Wednesday, September 15, 2010

Friday, September 10, 2010

Thursday, September 9, 2010


BDRS now offers ShortSession mediation for personal or business disputes involving only two parties and an amount in controversy of less than $10,000. Each ShortSession includes up to two hours of time for a modest flat fee, with additional time available at a reduced hourly rate.

Wednesday, July 15, 2009

The Mediation Process at BDRS: Sessions

Each mediation is tailored to the needs of the parties and the nature of the dispute. Typically, however, there will be a series of joint or private sessions. The goal of these sessions is to enable the parties to explore and understand
their interests, develop options, and determine whether all parties can reach agreement.

I first meet with all parties in a joint session for an introduction and review of the process, after which each party has an opportunity to present its side of the dispute.

After that initial joint session, I usually meet privately with each party, or with groups of parties, followed by subsequent joint or private meetings, as warranted. There are no arbitrary sequences or time limits.

Joint sessions can be a critical aspect of the mediation, particularly in instances where the parties have not ever met, or have not met since the time of the events giving rise to the dispute. The importance of giving parties an opportunity to have their say in front of their adversaries, and to hear directly any response the other parties might wish to make—all protected by the confidentiality of the mediation—should not be undervalued, even in cases where the dispute seems to be “just” about money.

Private sessions give the parties an opportunity frankly to assess the strengths and weaknesses of their case, discuss confidential information, to vent positions or emotions they do not wish to share with the other parties, and to consider the consequences and alternatives to a mediated settlement.

Wednesday, July 8, 2009

Resolution Solutions - July 2009

To see a copy of the July 2009 issue of Resolution Solutions, my dispute resolution newsletter, please Click Here. The newsletter contains a link to subscribe.

Tuesday, July 7, 2009

The Mediation Process at BDRS: Pre-Mediation Statements

Pre-mediation statements

Before the mediation, the parties may submit optional, written
pre-mediation statements to the mediator. Such statements
might contain, for example, a summary of a party’s claim or
defense, what a party hopes to accomplish at mediation, or
particular concerns or perceived impediments to resolution.
Preparing such statements may be a useful tool for parties and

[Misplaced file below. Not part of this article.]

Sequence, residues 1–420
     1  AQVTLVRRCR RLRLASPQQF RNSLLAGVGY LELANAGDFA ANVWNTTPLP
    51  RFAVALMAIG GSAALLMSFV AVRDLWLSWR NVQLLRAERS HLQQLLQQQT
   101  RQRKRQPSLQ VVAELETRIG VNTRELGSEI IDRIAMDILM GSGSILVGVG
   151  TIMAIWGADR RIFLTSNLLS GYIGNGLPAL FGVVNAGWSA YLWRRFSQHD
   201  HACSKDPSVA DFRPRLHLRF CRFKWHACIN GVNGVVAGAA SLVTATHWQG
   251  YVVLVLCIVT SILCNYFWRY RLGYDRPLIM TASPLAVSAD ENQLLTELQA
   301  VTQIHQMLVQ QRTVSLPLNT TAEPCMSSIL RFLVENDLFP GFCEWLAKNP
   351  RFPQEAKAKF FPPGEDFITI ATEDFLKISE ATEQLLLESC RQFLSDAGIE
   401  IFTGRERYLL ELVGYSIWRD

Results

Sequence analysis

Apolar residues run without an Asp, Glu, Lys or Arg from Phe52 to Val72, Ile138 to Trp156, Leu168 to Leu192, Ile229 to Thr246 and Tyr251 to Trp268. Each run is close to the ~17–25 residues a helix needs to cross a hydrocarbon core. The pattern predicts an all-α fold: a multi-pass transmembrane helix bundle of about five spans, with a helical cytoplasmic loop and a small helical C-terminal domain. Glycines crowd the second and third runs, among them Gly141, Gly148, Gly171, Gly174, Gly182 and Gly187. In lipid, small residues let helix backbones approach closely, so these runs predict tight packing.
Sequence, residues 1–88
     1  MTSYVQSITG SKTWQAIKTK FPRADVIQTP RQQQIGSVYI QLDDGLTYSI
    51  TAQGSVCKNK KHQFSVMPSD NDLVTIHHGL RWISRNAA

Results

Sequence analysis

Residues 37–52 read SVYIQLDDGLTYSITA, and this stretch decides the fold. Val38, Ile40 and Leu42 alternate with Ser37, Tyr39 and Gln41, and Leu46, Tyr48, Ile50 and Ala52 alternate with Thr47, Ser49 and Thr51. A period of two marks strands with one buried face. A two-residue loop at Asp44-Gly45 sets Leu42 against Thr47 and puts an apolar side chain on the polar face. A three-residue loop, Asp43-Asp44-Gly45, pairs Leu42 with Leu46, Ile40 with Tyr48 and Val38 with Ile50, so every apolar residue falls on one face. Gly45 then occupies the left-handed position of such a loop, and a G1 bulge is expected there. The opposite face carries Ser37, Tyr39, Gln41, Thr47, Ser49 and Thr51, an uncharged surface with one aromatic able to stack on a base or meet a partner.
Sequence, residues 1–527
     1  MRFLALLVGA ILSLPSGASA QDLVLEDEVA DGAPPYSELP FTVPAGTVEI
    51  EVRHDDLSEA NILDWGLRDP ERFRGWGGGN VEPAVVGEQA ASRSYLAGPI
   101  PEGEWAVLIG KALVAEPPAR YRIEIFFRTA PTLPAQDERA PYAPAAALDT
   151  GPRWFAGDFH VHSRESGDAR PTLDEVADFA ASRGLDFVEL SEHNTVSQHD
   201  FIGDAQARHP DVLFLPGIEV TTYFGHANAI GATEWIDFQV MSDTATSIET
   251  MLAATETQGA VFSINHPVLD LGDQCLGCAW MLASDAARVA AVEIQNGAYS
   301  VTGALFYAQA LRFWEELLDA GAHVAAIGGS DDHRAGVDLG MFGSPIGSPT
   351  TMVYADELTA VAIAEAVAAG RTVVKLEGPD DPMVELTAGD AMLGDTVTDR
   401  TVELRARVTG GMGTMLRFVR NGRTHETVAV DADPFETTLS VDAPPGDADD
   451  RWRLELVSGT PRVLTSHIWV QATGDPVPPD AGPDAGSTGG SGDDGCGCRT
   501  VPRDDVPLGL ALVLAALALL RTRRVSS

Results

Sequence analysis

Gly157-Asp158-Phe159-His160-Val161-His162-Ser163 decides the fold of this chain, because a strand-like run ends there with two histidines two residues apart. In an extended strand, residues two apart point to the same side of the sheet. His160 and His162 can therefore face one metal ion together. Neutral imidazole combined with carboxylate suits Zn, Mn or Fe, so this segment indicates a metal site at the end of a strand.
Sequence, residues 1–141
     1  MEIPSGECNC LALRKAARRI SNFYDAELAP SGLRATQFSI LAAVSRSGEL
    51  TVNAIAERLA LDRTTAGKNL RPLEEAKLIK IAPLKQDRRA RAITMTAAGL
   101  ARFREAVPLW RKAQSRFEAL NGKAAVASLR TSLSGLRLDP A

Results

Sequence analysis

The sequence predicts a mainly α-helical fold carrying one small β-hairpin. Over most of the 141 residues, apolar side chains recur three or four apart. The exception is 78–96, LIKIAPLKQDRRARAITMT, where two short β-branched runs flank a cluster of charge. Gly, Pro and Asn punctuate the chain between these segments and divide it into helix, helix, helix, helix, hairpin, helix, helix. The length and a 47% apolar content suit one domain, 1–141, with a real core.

their counsel in thinking through the issues and preparing for a
productive session.

The purpose of such pre-mediation statements is not to
“persuade” the mediator—remember that the parties, not the
mediator, will decide how the dispute is to be resolved—but to
familiarize the mediator with the general context of the

While BDRS encourages the parties to exchange information, it
is up to the parties to decide whether to submit their respective
statements just to the mediator, or also to exchange
statements among themselves. In order to avoid confusion,
however, the mediator will assume that anything in the
statements may be shared with the other parties at the
mediation, unless specific portions of a statement are
expressly stated as confidential.

Tuesday, June 2, 2009

About BDRS

I am a Boston lawyer with more than 28 years of experience. I founded Boston Dispute Resolution Services as an adjunct to my law practice. BDRS provides timely and cost-effective mediation and other ADR services to the legal, insurance, and business communities. These ADR services include mediation, conciliation, case evaluation, and business facilitation.
In my law practice, I have represented plaintiffs and defendants, including businesses ranging from sole proprietorships to Fortune 100 companies, in a variety of matters. These have included routine business disputes and personal injury claims, employment and workplace disputes, real estate and land use disputes, intellectual property and media matters, serious personal injury and death claims, major property losses, bad faith and unfair practices, and multi-million dollar, multi-party, complex business, construction, product liability, and insurance cases.

While many such disputes were resolved in court by motion, trial, or appeal, most were resolved through negotiated settlements. Over the years, my clients and I increasingly turned to mediation as a way to reach such settlements, particularly in complex, multi-party cases.

Although most of those mediations led to a resolution, in some instances the process itself was frustrating or unsatisfying. My belief that mediation participants deserve more than the “arm twisting” or “splitting the difference” that too often characterize “old school” mediation led me to explore different mediation styles and processes.

While mediation and most other services at BDRS (case evaluation being an obvious exception) primarily use a facilitative model of mediation (derived in part from concepts developed at the Harvard Negotiation Project), the process is tailored as needed to meet the needs of the parties in an efficient and productive manner.

I feel that I bring a balanced view and unique, practical perspective to my dispute resolution services, drawing on what I found to be most successful in my own ADR experiences as a litigator, while seeking to enhance the overall process and maximize satisfaction of those using the services provided by BDRS.